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ERIC Number: ED135725
Record Type: Non-Journal
Publication Date: 1975
Pages: 27
Abstractor: N/A
Reference Count: N/A
Tibet's Role in Inner Asia. Teaching Aids for the Study of Inner Asia, No. 2.
Wylie, Turrell V.
Second in a series of guides to help college and high school teachers incorporate information about Inner Asia into their courses, this pamphlet discusses the role of Tibet in Inner Asia. Aspects of Tibetan political and religious history are highlighted, and comments are made about the formative relationships Tibet had with her neighbors. Chapter one briefly discusses the Tibetan people. They exhibit two cephalic types, their language shows a dichotomy of linguistic origin, and there is a disparity between orthography and pronunciation of many words. Chapters two through nine review the history of Tibet from prehistoric times to the present. Legendary accounts about the origins of Tibetans are summarized. The original seventh century A.D. monarchy is described, and conversion from shamanism to Buddhism is documented. Invasions by the Mongols began in the Middle Ages, and subsequent political divisions of Tibet ensued. Sectarianism developed in Tibetan Buddhism in the 11th century, and the politically useful concept of reincarnation of lamas surfaced in the 14th century. Beginning in the 17th century, Tibet experienced political domination by the Manchu Emperor of China, Nepal, Britain, and China. Today, Tibet is regarded as an autonomous region of the People's Republic of China. Chapter ten is a selective, annotated bibliography of five books. (AV)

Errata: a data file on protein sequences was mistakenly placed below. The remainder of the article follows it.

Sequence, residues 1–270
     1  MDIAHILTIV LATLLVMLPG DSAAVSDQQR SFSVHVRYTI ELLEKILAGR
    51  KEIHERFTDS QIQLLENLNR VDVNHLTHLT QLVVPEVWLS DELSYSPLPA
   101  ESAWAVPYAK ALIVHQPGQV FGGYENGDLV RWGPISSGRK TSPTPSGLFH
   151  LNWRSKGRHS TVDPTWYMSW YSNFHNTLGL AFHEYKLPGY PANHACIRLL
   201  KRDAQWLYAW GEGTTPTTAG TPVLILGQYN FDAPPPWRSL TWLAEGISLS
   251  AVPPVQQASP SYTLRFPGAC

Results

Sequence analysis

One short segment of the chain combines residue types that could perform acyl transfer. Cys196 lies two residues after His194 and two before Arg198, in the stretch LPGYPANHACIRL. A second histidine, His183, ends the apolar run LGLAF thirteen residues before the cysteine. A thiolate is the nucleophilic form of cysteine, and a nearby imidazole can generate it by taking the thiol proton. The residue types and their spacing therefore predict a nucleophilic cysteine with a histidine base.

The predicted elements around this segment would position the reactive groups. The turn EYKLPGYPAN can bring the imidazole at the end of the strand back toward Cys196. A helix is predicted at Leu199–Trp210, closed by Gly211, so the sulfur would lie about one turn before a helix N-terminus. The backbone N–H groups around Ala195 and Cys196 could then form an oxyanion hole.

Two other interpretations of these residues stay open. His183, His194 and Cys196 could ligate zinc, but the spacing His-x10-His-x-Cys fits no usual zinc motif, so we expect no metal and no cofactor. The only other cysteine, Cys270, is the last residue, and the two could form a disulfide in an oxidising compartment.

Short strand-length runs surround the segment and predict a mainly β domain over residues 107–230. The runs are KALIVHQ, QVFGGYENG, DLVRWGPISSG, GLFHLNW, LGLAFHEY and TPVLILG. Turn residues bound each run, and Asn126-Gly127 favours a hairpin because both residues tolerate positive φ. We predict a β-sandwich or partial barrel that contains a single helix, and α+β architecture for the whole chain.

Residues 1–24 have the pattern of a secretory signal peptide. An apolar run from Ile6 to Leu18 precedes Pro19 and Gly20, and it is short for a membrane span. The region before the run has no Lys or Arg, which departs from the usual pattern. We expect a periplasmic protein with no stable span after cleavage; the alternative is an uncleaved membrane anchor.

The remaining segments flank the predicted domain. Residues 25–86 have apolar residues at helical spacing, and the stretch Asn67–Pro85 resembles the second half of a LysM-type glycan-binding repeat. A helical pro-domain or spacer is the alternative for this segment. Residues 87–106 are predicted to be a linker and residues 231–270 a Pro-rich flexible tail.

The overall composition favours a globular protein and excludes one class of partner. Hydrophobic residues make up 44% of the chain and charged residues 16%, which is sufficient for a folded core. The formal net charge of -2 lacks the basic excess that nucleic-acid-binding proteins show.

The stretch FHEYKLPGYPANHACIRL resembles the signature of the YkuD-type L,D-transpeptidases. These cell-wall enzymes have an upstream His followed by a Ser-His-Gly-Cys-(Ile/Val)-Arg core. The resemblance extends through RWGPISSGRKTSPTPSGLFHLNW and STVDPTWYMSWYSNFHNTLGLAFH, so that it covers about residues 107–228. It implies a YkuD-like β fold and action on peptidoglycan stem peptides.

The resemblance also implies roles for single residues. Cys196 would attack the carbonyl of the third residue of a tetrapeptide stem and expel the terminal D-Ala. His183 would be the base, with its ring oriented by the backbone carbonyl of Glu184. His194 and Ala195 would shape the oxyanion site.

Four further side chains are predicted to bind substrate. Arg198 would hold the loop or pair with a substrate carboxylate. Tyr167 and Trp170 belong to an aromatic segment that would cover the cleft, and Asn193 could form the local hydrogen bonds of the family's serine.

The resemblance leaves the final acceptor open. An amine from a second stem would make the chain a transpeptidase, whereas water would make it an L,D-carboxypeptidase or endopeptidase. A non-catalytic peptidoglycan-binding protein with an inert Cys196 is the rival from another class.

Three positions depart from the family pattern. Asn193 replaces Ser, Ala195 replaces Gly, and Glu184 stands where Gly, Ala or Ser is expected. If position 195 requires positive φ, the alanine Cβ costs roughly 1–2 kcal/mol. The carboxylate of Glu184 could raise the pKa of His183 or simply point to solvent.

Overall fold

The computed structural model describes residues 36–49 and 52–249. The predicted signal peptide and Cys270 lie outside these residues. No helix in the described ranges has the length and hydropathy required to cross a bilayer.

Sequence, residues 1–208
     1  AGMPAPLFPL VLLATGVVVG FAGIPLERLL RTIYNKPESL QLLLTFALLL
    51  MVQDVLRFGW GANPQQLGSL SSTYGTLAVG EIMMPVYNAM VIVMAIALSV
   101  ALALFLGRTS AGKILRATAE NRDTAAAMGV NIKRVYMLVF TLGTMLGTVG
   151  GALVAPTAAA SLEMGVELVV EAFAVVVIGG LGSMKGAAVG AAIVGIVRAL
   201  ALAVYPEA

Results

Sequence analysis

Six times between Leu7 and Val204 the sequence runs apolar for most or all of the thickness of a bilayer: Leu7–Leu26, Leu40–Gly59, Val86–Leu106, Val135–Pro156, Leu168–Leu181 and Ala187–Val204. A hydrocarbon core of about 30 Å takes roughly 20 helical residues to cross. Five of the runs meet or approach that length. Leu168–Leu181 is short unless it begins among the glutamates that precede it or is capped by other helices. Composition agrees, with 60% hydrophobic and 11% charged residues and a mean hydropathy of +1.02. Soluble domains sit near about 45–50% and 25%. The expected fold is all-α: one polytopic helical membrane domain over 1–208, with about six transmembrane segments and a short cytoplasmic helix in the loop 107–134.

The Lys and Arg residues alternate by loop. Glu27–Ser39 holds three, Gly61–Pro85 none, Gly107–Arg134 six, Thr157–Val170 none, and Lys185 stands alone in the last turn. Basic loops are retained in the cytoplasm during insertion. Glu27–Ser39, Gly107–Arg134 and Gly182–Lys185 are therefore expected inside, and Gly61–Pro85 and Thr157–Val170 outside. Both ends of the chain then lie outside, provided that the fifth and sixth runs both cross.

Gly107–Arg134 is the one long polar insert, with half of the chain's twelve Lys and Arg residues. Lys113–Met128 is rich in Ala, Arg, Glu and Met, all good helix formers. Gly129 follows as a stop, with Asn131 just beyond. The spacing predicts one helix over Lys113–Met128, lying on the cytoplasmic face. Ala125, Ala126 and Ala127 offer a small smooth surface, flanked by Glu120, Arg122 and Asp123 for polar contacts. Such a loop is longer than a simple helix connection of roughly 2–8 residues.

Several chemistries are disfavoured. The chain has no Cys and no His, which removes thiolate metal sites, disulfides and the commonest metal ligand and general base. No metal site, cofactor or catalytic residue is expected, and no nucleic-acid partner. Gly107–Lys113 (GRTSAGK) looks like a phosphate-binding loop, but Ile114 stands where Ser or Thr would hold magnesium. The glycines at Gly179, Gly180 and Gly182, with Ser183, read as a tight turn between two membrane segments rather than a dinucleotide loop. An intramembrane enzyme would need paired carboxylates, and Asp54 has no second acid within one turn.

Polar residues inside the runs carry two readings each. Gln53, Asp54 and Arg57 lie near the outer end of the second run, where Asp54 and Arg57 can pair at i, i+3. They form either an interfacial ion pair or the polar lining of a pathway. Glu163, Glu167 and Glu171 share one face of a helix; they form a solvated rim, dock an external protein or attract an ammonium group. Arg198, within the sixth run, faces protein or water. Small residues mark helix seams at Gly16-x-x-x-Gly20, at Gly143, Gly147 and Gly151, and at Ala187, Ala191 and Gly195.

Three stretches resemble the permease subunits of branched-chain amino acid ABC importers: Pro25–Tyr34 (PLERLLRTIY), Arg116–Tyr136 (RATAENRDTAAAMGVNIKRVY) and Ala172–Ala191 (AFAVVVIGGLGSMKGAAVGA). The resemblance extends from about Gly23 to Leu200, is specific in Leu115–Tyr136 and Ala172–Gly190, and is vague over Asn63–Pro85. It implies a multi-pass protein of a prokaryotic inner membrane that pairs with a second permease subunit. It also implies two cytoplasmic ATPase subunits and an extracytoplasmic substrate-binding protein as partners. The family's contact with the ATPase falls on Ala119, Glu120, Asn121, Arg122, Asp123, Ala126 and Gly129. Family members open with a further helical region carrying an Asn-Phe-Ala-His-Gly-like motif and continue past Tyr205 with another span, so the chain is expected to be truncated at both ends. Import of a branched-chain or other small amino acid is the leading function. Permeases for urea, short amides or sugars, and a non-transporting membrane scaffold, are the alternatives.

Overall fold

Asian Studies Research Institute, Goodbody Hall 101, Indiana University, Bloomington, Indiana 47401 ($1.00 paperbound)
Publication Type: Guides - General
Education Level: N/A
Audience: N/A
Language: N/A
Sponsor: Association for Asian Studies, Ann Arbor, MI.
Authoring Institution: Indiana Univ., Bloomington. Asian Studies Research Inst.
Identifiers - Location: China